Emirates to revive ambitious regional plans

15 April 2009
The United Arab Emirates, the region's only federal state, plans to play a pivotal role in the Gulf and the wider Middle East but its leaders need to co-operate more closely to achieve this.

There have been many turning points in the history of the UAE. In 1952, the Trucial States Council was formed to encourage co-operation among the rulers of the area this is now the UAE. A development office to promote economic projects was created in 1965. And in February 1968, the ruler of Abu Dhabi, Sheikh Zayed bin Sultan al-Nahyan agreed with the ruler of Dubai, Sheikh Rashid bin Saeed al-Maktoum.

There have been setbacks. Neighbours have challenged its territorial integrity. Tensions in 1979 prompted speculation that the federation would disintegrate. And since it was created, the UAE has been the subject of dismissive criticism from within the region and scepticism from practically everywhere else.

The record, nevertheless, is impressive. The UAE, since it was created, has probably been the most stable Middle Eastern country. One of the world’s poorest places in 1945, it is now one of the richest on a per capita basis.

The global recession that has rocked Dubai since last summer revived doubts about the resilience of the federation. Development ground to halt. Dubai was deemed by some as being ripe for a takeover.

The biggest issues are now being addressed. At the end of February, Dubai announced it planned to raise $20,000m through the sale of bonds. The Central Bank of the UAE immediately bought half and appears ready to take the balance.

Action has now started on distributing the first tranche. This process involves Dubai entities, most of them owned by the government, presenting their long-term plans to a committee of prominent Dubai officials. Those that fail to convince the committee of the merits of their strategy will receive none of the $10,000m at its disposal.

The method adopted to deal with Dubai’s financial difficulties is also politically astute. Although the money has been provided by Abu Dhabi, a federal entity is managing how it is disbursed. Dubai is fully in charge of the process of allocating the cash. There is no hint that Abu Dhabi is taking over Dubai entities, although companies that fail to secure financial support may independently decide to find partners or cash in the emirate.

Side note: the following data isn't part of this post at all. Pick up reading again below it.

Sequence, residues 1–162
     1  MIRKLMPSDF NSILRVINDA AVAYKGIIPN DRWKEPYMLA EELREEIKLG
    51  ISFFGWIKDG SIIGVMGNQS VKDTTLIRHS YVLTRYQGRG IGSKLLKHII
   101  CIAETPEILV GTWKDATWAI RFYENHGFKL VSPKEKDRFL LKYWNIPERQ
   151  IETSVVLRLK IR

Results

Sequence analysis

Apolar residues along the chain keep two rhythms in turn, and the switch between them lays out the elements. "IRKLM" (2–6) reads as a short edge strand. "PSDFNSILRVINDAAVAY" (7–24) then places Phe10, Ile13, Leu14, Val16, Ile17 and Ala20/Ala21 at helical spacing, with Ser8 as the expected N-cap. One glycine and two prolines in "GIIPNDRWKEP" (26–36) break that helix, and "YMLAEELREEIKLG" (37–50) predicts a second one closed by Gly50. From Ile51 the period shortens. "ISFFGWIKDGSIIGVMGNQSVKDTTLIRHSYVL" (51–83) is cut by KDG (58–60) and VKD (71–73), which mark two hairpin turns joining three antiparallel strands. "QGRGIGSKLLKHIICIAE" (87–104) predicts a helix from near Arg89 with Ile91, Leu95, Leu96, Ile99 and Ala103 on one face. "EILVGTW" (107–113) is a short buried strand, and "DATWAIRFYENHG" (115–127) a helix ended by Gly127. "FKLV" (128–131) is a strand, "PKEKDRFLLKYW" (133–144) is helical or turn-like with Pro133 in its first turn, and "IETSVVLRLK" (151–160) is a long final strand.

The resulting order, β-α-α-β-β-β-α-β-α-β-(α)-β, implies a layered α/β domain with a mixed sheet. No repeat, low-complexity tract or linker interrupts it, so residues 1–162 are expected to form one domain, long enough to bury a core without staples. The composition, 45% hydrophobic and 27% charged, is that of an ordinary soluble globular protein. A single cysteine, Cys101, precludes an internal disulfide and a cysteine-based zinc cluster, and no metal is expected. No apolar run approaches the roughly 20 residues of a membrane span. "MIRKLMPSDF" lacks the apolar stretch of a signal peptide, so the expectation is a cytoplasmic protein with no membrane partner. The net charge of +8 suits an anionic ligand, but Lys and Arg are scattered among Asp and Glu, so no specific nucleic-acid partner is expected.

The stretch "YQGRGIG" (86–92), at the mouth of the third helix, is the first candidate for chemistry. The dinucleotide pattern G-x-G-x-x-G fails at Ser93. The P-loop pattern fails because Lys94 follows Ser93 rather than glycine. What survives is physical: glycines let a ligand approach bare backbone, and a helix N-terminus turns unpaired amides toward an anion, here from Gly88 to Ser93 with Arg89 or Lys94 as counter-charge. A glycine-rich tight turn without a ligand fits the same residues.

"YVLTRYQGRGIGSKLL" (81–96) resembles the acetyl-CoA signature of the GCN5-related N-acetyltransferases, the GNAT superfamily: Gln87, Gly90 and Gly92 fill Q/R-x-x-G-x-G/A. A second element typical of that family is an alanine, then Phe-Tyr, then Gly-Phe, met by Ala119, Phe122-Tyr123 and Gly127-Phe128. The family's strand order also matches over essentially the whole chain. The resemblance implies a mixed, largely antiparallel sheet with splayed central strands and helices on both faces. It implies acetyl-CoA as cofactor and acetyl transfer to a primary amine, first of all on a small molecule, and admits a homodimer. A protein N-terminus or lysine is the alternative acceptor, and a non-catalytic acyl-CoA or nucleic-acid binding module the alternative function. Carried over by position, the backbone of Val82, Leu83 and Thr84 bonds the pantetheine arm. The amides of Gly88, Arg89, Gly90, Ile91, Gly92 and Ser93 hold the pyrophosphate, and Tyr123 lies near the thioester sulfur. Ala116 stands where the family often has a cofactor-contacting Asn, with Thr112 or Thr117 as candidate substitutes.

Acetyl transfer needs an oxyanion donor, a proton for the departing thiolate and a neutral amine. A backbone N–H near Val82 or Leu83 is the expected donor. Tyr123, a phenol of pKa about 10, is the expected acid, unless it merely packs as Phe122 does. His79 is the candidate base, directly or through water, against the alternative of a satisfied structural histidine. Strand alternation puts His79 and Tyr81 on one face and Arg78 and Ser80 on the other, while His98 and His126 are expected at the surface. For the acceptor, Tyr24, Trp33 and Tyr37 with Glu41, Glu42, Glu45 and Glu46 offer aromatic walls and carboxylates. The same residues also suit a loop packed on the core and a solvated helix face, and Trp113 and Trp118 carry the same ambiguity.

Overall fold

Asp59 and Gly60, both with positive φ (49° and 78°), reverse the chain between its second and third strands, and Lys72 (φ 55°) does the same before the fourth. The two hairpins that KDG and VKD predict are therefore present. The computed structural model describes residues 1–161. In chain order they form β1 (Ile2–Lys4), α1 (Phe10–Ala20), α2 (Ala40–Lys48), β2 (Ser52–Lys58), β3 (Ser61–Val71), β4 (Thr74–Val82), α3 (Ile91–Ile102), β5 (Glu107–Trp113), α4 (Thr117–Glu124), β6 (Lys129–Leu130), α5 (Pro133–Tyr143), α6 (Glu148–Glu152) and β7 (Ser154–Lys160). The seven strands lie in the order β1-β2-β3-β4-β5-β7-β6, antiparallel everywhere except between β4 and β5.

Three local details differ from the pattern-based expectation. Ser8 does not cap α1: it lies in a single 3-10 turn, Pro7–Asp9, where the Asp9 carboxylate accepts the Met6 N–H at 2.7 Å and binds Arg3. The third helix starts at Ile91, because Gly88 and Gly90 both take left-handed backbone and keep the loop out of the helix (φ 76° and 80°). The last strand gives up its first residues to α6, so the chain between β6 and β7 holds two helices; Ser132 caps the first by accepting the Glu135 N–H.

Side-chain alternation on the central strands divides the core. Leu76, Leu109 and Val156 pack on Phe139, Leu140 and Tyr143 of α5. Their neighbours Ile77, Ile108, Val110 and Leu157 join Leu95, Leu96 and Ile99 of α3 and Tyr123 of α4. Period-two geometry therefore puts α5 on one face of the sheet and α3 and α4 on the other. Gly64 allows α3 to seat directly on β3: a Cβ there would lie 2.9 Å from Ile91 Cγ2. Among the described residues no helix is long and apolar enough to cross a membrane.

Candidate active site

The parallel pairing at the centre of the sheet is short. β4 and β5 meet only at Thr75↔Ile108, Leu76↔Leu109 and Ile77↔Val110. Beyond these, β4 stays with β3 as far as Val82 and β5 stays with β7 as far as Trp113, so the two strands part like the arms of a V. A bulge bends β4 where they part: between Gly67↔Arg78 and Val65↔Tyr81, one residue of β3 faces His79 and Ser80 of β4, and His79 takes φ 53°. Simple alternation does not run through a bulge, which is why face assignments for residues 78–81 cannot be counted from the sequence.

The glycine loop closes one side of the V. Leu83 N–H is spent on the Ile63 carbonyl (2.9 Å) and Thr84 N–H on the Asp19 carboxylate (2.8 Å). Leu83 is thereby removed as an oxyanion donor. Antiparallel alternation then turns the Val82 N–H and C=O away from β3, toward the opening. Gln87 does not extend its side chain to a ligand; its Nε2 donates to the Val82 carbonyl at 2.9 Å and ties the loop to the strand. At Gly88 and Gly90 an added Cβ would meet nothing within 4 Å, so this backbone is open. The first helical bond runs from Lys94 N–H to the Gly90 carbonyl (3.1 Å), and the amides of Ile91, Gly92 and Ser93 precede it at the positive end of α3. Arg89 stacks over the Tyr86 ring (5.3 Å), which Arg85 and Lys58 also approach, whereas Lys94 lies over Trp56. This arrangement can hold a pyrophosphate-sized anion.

Restructuring process

Dubai, as a result, will witness over the next six months a comprehensive process of consolidation and restructuring that might involve some businesses closing. Jobs will go and may never come back. It will be five years before Dubai recovers its old swagger.

Abu Dhabi in contrast is pressing ahead with its own plans. On 13 April, Emirates Steel Industries announced plans to establish 8 million tonnes a year (t/y) of steel capacity. This time in 2010, the first phase of what is planned to be the world’s largest single-site aluminium smelting complex will be opened by Emirates Aluminium in Taweelah. The expansion of the Borouge petrochemicals plant will be completed in the summer of 2010.

An ambitious urban development programme that will change the face of Abu Dhabi city is unfolding. Later this year, Abu Dhabi will unveil details of its healthcare and education programmes.

Abu Dhabi’s economic vision report published in January calls for the emirate to have a gross domestic product (GDP) in 2030 of almost $500bn in real terms. It is a tall order. But, with almost 10 per cent of the world’s proven oil reserves and as much at least $500bn in the bank, it is not an impossible dream.

Abu Dhabi is simultaneously demonstrating its commitment to the original dream that led to the creation of the UAE. On 14 April, president of the UAE Sheikh Khalifa bin Zayed accompanied by some of the most senior figures in Abu Dhabi visited Dubai in a public display of support. He posed for photographers with Sheikh Mohammed at Union House where the agreement setting up the federation was signed by Abu Dhabi’s Sheikh Zayed and Dubai’s Sheikh Rashid in December 1971.

Then, many believed the UAE could not survive. Today, it has the second largest economy in the Middle East and is preparing to become the first Arab state to become a civil nuclear power.

Stable, prosperous and tolerant, the federation plans to play a pivotal role in the region in the decades ahead. But for this to happen, its leaders will have to work together more closely. That is why the gathering in Dubai last week could be a new turning point, the moment that the UAE was relaunched by a new generation reaffirming themselves to the union their fathers forged.

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